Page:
The American Senior Fitness Association presents Round-Up

October 1, 2005

Table of Contents

  • Type 2 Diabetes: The Case for Walking (Research)
  • Make It So! (Exercise psychology)
  • Testing the Tests: (Research)
  • Free Hot Line! (Diet resource)
  • Arrive Alive: (Safety tips)
  • Breast Cancer: Physical Activity Appears to Improve Survival (Research)
  • A Stellar Quote: (Inspiration)
  • Blood Pressure: Diet Makes a Difference (Nutrition research)
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Type 2 Diabetes: The Case for Walking

Researcher Chiara Di Loreto and colleagues
leave little room for doubt about their conclusions, judging from the title of their recent paper "Make Your Diabetic Patients Walk: Long-Term Impact of Different Amounts of Physical Activity on Type 2 Diabetes" (Diabetes Care, 28, 1295).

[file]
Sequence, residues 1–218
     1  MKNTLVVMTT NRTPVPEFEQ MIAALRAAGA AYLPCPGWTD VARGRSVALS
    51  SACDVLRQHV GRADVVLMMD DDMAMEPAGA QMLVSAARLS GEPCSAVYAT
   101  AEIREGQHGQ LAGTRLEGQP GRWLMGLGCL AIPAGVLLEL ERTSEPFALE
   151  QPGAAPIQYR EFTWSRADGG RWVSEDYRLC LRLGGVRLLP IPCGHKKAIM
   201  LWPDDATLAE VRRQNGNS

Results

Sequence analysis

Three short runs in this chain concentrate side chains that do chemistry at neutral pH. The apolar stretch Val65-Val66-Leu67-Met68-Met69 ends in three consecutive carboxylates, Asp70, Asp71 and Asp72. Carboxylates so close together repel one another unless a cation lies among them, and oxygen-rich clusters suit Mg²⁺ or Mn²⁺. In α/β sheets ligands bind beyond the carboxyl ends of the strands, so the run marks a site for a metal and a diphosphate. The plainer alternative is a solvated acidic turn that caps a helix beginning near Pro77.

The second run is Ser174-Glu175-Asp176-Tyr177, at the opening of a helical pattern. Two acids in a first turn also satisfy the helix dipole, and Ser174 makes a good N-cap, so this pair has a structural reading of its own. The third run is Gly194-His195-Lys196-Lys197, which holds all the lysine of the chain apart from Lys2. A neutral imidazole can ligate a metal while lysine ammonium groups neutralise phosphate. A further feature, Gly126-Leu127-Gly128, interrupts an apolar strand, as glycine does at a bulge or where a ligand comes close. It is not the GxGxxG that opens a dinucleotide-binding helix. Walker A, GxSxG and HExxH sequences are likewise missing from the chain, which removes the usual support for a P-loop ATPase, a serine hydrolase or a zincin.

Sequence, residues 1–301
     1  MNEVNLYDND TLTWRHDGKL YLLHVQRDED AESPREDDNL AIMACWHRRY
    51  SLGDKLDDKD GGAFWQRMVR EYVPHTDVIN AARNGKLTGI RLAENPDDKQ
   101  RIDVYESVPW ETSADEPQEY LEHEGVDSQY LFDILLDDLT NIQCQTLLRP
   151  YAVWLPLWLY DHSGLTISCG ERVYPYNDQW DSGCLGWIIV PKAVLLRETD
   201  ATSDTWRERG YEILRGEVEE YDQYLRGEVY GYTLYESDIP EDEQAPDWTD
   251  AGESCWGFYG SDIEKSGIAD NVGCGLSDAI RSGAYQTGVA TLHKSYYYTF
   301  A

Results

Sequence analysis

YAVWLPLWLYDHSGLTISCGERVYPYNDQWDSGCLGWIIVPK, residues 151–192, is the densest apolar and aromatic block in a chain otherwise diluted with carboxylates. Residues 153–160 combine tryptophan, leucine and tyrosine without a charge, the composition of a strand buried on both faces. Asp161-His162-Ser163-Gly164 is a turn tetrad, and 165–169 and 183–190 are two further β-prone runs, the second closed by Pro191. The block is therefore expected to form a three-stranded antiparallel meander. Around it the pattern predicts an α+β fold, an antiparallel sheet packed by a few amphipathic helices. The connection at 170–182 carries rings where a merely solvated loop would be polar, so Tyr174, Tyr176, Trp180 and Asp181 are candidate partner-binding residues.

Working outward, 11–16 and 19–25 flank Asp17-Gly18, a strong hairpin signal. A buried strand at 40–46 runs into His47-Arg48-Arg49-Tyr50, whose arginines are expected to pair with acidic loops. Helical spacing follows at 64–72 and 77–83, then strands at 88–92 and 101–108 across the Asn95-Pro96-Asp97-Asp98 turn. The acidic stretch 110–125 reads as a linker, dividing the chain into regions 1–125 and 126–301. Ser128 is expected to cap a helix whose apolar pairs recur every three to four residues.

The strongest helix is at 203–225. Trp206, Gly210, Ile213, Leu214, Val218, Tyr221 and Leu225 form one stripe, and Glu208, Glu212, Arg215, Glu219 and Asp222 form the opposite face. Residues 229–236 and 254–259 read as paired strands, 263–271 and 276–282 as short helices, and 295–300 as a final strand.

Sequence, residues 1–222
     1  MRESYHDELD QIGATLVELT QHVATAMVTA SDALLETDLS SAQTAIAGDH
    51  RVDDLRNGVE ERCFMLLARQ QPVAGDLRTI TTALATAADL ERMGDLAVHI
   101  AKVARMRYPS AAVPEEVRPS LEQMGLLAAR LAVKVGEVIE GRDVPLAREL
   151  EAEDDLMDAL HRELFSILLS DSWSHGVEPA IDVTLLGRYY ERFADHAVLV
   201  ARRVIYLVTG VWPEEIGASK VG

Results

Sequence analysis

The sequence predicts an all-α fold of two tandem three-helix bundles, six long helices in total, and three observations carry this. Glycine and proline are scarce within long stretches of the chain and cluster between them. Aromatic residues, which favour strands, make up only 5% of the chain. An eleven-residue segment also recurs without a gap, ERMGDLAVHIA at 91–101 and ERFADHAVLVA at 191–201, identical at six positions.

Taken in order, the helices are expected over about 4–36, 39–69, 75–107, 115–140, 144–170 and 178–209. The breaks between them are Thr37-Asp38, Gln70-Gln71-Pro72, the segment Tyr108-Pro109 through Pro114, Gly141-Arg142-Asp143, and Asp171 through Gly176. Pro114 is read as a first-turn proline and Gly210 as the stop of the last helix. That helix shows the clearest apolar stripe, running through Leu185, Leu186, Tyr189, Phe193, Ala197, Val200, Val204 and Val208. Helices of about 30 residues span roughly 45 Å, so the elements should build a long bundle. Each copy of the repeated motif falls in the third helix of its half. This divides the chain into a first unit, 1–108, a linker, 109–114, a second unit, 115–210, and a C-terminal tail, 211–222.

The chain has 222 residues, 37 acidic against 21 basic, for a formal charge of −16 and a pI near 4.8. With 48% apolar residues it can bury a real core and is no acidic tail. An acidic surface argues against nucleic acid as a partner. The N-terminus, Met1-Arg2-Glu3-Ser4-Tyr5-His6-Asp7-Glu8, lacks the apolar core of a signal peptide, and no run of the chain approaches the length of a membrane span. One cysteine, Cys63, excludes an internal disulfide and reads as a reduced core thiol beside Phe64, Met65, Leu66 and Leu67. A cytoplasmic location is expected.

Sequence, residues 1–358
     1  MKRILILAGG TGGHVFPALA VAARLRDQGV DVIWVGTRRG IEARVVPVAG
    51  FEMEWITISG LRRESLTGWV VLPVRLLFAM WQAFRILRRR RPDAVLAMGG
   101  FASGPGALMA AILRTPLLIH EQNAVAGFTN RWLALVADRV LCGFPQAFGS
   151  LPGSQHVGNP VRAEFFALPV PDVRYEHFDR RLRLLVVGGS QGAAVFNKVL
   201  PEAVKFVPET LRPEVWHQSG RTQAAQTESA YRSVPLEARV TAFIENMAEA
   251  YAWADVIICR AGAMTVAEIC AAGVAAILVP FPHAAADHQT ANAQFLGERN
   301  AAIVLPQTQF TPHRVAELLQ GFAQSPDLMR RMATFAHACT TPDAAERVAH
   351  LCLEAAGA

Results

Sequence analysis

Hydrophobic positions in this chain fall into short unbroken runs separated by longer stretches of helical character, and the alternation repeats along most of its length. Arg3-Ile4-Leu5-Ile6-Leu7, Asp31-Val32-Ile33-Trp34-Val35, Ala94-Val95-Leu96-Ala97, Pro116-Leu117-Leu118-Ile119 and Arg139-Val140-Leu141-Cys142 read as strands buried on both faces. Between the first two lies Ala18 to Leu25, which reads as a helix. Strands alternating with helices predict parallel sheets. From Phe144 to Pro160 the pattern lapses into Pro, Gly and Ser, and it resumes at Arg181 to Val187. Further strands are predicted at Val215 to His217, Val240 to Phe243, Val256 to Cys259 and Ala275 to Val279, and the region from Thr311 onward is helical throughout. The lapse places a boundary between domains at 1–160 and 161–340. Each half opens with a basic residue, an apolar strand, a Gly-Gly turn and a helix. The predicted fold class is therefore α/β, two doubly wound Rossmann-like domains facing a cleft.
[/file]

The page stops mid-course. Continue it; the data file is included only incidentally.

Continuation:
The subjects in this study were followed for two years. Regular walking improved blood pressure, total serum cholesterol, triglycerides, blood sugar, and the level of coronary heart disease risk. While participants approximating five miles per day reaped major benefits, those who approximated two miles per day also enjoyed significant improvements. The health of those who did not exercise worsened over the two-year study period.

Make It So!

A recent Reuters Health report
describes research led by Sandra O'Brien Cousins at the University of Alberta in Canada. Her study involved forty 42-to-77-year-old men and women. Its results suggested that would-be exercisers who don't spend much time thinking about a scheduled workout prior to beginning it are more likely to get it done. By contrast, those who contemplate their upcoming exercise session may risk thinking themselves right out of actually doing it. Instead  of in engaging in extensive self-talk, the members of this study group who performed regular physical activity tended to simply begin exercising.

Testing the Tests

Following is an edited abstract